The heat of the kiln can have a dramatic effect on a glaze. In my own studio I usually have several kilns at my disposal, so I only obtain results pertaining to these specific kilns. If it were possible to farm out glaze tests to kilns of all types and sizes, people would be surprised at the varied results obtainable from a single glaze recipe. You may use a small test kiln for developing glazes, and use your large kiln for firing ware. But why don’t the final glazes on the ware look the same as the test results? This is because of the differing heat work on glaze materials during the melt and then the cooling of the glaze.
Glaze Three Ways
I once saw three stoneware pots glazed in the same feldspathic iron glaze, and fired in the same kiln. When the pots were removed from the kiln, the first was a honey color, the second a black, and the third an opaque, satin olive green known as a tea dust. While they had all been coated in the same glaze, each had been fired in a different chamber of a three-chamber climbing kiln. The first pot was in chamber one, which was fired on a normal firing cycle but was crash-cooled (air was pulled through the first chamber into the next). As chamber two reached temperature, hot air was pulled through to help the third chamber reach temperature. The black pot in chamber two thus experienced a slower firing but also a slower cooling than the first. The tea-dust pot in the third chamber cooled slowly, allowing crystalline growth in the glaze and the development of a satin green.
If a potter shifts from using a brick kiln to a fiber-insulated kiln, his/her glazes on the whole will shift as well. Firings will be quicker, both in the time taken to reach the required temperature and in the cooling. Glazes may lack the same depth and the surfaces will often be glossier. By firing a little higher or by increasing the flux content, the finished quality can be adjusted to be closer to the original.
Glazes developed for fiber kilns will also take on a different character when fired in a brick kiln. In figure 1a and 1b, the two tiles are glazed with two variations of the same base glaze recipe. The glaze on the upper half uses nepheline syenite (a lower melting point than potash feldspar), while the glaze on the lower half uses potash feldspar. The left tile (1a) was fired in a brick kiln, so cooled more slowly than the right tile (1b), which was fired in a fiber kiln. The slower cooling prompted iron crystals to form.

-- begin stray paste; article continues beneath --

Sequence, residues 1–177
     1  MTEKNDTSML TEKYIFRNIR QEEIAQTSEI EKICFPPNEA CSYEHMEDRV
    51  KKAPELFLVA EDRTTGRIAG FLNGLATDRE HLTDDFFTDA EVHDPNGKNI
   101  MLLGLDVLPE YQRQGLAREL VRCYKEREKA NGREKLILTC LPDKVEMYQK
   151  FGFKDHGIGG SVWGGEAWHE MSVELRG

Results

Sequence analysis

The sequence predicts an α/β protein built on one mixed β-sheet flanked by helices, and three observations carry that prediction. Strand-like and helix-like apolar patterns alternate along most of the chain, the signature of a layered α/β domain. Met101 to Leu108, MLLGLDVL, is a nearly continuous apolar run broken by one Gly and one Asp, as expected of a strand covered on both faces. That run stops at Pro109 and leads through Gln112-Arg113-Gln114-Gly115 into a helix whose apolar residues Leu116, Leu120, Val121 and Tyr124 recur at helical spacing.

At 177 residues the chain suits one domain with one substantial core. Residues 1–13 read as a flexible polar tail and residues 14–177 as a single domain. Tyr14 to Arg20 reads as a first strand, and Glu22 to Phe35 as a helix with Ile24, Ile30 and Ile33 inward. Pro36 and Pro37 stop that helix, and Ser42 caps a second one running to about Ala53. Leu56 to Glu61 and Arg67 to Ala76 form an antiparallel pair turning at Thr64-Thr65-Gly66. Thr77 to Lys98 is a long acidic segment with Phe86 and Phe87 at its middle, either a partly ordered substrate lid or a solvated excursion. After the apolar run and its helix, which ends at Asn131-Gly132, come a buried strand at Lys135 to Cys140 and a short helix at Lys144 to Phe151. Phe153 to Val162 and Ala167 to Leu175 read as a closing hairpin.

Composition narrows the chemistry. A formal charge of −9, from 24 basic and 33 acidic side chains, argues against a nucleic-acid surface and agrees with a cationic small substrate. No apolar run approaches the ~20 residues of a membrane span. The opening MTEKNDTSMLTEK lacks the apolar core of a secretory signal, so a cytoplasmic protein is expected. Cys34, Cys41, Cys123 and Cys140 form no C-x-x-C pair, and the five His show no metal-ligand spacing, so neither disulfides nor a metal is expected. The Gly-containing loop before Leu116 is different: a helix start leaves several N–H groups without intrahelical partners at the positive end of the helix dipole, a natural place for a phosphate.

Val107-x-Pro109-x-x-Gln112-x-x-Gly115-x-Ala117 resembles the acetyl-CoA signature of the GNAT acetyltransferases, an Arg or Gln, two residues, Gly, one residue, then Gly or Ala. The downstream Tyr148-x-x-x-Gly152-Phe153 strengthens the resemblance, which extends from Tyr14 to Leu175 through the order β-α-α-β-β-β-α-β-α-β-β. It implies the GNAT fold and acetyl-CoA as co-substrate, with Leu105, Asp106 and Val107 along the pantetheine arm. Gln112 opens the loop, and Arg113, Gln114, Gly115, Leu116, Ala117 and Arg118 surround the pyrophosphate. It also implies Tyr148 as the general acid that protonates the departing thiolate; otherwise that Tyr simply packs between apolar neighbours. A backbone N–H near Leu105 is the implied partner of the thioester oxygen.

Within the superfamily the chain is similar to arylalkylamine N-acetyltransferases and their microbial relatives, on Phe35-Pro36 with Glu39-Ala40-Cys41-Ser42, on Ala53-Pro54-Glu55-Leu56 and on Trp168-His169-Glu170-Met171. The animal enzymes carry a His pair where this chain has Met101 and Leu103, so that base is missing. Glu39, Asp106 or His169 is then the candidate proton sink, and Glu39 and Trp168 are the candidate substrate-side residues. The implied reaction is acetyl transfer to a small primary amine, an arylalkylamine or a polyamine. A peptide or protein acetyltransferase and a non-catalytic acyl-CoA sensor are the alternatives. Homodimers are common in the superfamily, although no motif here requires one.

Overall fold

The effect of heat on glaze materials can easily be seen through the use of pyrometric cones. While a pyrometer measures air temperature within a kiln, cones measure the work done by heat energy. Not surprisingly, this is called heat work, a term denoting the combined effect of time and temperature on ceramic material. For example, prolonged heating of a ceramic body at a lower temperature may result in the same degree of vitrification as a shorter period at a higher temperature. On most cone boxes there are two or more columns informing the user of the temperature at which the cones will bend, based on degrees per hour of heat input. The table in figure 2 refers to cone-bending temperatures for Orton cones: Cone 9 at 270°F per hour, the pyrometer would read 2332°F when the cone bends. Cone 9 at 108°F per hour, the pyrometer would read 2295°F when the cone bends. Cone 03 at 270°F per hour, the pyrometer would read 2014°F when the cone bends. Cone 03 at 108°F per hour, the pyrometer would read 1987°F when the cone bends.
The faster you fire the kiln, the higher in temperature you will need to go. You just have to fire to a higher temperature to get the same amount of heat work acting on the ceramic material. Note: Materials melting in a reduction atmosphere will have a lower melting point than those fired in oxidation.
Time Effects on Cones
This brings us to how important cones are in every firing; it’s the cones, not the pyrometer, by which you should judge whether or not the firing is completed. Be aware of the heat work in firing. Potters who reach cone 9 may soak their kilns for 30 minutes. The reading on the pyrometer may stay at 2336°F, not increasing or decreasing in its temperature, but they will see cone 10 bend. Soaking for a period of time allows the heat to continue working on the glazes and cones and this extra heat work causes the next cone to bend. If you don’t have cones in the firing, you may not realize what exact cone you have fired to, and this will affect the glaze. Pyrometers are excellent at recording the temperature’s rate of climb in a firing, but should not be the final guide.
All these factors go into altering the fired glaze recipe we started with. Some glazes, such as high-feldspar glazes, respond to a slower firing in the melting of the glaze.
The cooling of the kiln can be just as critical, as in the case of crystalline glazes, which require slow cooling through the temperature zones in which the crystals develop; the temperature needs to be held at the critical point. It’s worth putting the glazes you use most frequently into kilns of different sizes and types to see how important the firing cycle is to them.
Another way to look at a glaze melt is to examine an oil-spot glaze. This is a high-iron glaze (fired in oxidation) which, as the glaze begins to melt, creates bubbles, similar to sugar melting. On the tile in figure 3a, you can see the craters in the glaze that occur from bubbling at around 2264°F. As the temperature is increased, the surface heals over, leaving the iron dots of concentrate that give the glaze its name, shown in figure 3b. The glaze was fired to cone 7–8 in oxidation. If fired to a higher temperature, the iron is taken back into the glaze melt, and the result is black.
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